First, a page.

At the desk, 8:54 a.m. (yes, I've been here a while doing this and that)
"There's something about these books..." My husband's office mate was holding two of the Alex the Fey books in his hand. "It's like they make you change. No, not make you change... maybe want to be a better person... no... I can't really describe it."
You see, he had to work all weekend and, in need of a break, he found the books on my husband's shelf. Since they regularly trade books back and forth, he started the Fey and read straight through.
Now, I'm not writing this to tell you I WRITE THE BEST SERIES IN THE ENTIRE UNIVERSE. Because I assume you knew that. ;) (hee, hee)
I thought I'd let you in on a little secret.
Everyone who works on this series experiences major life change either before, during, or after the work. It's weird, and frankly, often leads to some dysfunction. You see, people who had lots and lots of time suddenly have no time at all because their lives have experienced some earthquake like shift. More than one editor has received that phone call for that perfect job just after they started editing the book. A proofreader met the love of her life, man of her dreams, in the middle of working on the book. The web tech was suddenly inundated with work. The guy who swore he'd never ever ever get married again decided to ask a friend on a date and is now married.The guy who was on our original team (the solid, steady publishing guy) had this non-profit venture fall on his head. He left a track he'd invested a lot of time, money, and ego into to start this venture and wham, he's passionate, engaged, involved, and happy. Those are just the folks I can remember off the top of my head.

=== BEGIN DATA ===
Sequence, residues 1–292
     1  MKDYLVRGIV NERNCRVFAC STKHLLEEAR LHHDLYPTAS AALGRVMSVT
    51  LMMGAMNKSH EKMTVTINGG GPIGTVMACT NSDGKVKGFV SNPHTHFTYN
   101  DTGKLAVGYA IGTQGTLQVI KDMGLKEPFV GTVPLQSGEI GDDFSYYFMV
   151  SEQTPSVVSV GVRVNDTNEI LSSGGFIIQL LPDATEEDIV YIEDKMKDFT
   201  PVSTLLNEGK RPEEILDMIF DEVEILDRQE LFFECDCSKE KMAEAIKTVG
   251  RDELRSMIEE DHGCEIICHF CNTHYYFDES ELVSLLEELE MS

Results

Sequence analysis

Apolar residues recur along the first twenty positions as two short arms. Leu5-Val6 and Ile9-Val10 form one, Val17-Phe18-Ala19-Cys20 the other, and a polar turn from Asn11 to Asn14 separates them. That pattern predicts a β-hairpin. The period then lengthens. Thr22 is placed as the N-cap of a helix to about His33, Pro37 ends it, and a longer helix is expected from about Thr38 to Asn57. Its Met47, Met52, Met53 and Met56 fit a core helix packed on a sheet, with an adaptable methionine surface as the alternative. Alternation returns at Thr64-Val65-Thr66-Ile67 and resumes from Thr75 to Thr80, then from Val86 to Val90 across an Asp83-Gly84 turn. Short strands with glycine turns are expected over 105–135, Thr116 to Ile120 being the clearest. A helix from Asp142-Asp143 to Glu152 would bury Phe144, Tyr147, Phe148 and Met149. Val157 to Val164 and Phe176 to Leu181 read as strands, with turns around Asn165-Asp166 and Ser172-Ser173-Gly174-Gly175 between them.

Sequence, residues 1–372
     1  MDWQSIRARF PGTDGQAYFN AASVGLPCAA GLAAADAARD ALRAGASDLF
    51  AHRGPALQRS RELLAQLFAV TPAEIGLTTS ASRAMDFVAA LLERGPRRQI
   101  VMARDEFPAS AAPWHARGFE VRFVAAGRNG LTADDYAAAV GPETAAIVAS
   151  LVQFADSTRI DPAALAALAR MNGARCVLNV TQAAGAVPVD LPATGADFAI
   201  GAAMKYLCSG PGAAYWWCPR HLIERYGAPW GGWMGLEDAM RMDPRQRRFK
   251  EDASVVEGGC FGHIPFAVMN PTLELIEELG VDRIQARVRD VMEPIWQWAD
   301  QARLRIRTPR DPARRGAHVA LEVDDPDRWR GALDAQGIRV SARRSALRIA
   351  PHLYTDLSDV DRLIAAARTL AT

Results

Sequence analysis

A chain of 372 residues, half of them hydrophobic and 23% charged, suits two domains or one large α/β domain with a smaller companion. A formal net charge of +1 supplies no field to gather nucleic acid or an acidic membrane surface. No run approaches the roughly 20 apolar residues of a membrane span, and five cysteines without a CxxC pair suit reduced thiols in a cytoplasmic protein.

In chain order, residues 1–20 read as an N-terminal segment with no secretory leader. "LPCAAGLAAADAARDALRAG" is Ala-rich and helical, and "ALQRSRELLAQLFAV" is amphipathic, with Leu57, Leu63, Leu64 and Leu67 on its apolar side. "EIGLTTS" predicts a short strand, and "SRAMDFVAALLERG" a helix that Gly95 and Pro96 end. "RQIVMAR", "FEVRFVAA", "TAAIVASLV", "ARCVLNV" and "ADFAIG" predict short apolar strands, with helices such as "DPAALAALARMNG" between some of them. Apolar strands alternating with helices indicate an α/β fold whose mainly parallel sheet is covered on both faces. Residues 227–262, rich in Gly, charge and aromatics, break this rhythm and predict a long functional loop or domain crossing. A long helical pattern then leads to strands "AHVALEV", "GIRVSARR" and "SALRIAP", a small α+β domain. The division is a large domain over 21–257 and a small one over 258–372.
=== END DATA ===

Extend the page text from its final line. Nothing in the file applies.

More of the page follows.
I mean, it's not just my imagination. This shit is real.
And it doesn't have anything, not one thing, to do with me.
There's just something about these books that acts to shift people from their stuck comfort zone into the lives they long for. I don't know how it works. I don't know why it works. And again, I'm only confident it doesn't have anything to do with me.
I think that's why the series garners a kind of rage in people. Last year's bullying and it's overflow onto the Amazon reviews of the Fey are an example. That sense of shine, the heat of the catalyst bring out some people's inner pitchfork. They want to pile up the ideas, light a match, and dance in the light of the pyre. At this point, it just seems like this is going to be a fact of life. (I've wondered if J.K. Rowling came up with the Petronus charm as an idea to shield her from the pitchfork welders in her world.)
So, if I ever ask you to help with the books, you'd better be cautious. No one's died, that's true. But you may need to be prepared for the chaos of getting what you want.